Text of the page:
landslide in ecuador 7 dead, and over 60 missing
In the village of Alausi, located in the province of Chimborazo, about 300 kilometers (180 miles) south of Quito, the mudslide occurred overnight on Sunday into Monday, burying dozens of homes and injuring 23, according to officials.
Residents were shocked and many were in tears as they waited for news Monday as rescuers combed through the rubble looking for survivors trapped between twisted metal sheets and split tree trunks.
As he gazed at the muddy ground, 40-year-old laborer Manuel Upai said to AFP, “Five are buried here,” referring to his relatives.
Avalanches also damaged roads and forced the closure of three schools in Alausi, a village of about 45,000 people surrounded by lush hills.
Jose Agualsaca, a survivor, told the local TV network Teleamazonas, “I managed to escape with about 15 minutes to spare,” claiming he was hurriedly gathering his belongings out of his home before the mud arrived.
Landslide in Ecuador and see what President said-
Guillermo Lasso, the president of Ecuador, announced on Twitter that firefighters from nearby regions had rushed to the village to aid those affected by the tragedy.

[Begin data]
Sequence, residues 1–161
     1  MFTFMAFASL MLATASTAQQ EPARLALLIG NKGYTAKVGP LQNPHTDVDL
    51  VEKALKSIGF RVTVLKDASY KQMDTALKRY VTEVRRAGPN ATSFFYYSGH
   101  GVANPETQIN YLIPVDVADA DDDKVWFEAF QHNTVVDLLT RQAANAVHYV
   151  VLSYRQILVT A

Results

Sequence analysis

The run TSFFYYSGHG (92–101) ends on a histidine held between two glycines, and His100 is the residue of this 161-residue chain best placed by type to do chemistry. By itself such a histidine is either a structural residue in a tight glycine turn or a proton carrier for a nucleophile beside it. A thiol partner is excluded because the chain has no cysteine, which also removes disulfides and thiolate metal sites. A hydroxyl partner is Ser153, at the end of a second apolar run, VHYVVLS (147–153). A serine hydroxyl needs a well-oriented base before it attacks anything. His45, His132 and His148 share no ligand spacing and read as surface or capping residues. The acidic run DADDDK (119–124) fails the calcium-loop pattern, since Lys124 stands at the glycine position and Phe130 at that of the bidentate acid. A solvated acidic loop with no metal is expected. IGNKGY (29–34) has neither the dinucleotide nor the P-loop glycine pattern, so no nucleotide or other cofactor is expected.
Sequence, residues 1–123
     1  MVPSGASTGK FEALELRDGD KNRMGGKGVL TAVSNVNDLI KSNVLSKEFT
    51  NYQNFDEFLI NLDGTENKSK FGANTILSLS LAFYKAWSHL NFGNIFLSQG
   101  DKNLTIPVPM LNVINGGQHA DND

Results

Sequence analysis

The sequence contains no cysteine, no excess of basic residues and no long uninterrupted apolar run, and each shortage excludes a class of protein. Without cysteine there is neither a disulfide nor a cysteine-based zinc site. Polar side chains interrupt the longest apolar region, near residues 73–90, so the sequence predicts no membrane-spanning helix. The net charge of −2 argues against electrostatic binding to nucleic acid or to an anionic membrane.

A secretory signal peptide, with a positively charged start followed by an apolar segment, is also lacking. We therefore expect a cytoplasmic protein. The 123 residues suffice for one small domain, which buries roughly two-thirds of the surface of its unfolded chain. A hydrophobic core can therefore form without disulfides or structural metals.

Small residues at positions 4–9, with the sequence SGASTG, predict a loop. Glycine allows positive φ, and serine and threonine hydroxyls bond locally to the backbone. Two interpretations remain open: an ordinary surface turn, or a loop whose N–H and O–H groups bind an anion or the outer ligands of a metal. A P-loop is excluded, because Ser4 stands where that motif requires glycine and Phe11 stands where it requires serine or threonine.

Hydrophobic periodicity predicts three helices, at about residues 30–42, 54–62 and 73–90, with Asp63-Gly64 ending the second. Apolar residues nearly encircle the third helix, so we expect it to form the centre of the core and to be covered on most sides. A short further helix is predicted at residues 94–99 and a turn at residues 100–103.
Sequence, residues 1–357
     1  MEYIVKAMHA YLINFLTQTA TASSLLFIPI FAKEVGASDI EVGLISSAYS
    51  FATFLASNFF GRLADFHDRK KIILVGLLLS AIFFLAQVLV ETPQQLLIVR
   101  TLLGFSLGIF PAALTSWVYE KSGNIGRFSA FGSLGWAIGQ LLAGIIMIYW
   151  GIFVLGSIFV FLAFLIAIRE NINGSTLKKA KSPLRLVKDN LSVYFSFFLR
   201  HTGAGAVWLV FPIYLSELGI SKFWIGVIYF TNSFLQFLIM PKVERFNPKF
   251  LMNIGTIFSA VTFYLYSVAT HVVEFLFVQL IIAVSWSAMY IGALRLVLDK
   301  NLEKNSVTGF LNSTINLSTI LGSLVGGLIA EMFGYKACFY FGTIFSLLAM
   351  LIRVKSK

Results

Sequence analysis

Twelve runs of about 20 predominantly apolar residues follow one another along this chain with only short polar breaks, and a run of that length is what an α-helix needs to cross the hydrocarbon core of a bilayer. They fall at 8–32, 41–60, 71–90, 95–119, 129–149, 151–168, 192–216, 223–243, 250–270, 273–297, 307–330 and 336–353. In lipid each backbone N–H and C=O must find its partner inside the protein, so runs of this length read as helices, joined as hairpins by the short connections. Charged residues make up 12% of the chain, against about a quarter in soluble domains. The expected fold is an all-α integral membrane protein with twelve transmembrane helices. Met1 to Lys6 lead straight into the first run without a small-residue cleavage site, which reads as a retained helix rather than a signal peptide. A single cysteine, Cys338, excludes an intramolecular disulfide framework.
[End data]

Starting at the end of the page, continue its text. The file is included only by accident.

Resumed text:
He exhorted everyone to leave the affected areas.
To aid in the rescue operations, the government called upon the national police, armed forces, health ministry, and Red Cross.
A government tweet read, “We have mobilized sleeping kits for those who have lost their homes and activated temporary housing.”
– Floods and landslides
According to the SNGR risk management secretariat, since the year’s beginning, heavy rains in Ecuador have killed 22, destroyed 72 homes, and damaged more than 6,900 homes.
Nearly 1,000 hazardous occurrences, including landslides and flooding, have been brought on by the downpours.
Following earlier landslides, the region that was devastated on Sunday had been placed in a yellow alert risk zone since February.
Just over a week had passed since the strong earthquake that killed 15 people in Ecuador’s southwest border region with Peru.
Local authorities assigned the earthquake a magnitude of 6.5, and it resulted in 22 landslides that blocked roads in the provinces of El Oro and Azuay.
Following that, the government proclaimed a two-month state of emergency in 13 of the 24 provinces of the nation, allowing for the redistribution of economic resources to the affected regions.
Due to concerns that a significant oil pipeline may have been harmed by the collapse of a bridge, heavy rains in February forced the country to suspend oil pumping for five days in order to conduct safety checks.
The rainy season in Ecuador’s Andean valleys can last from October to May.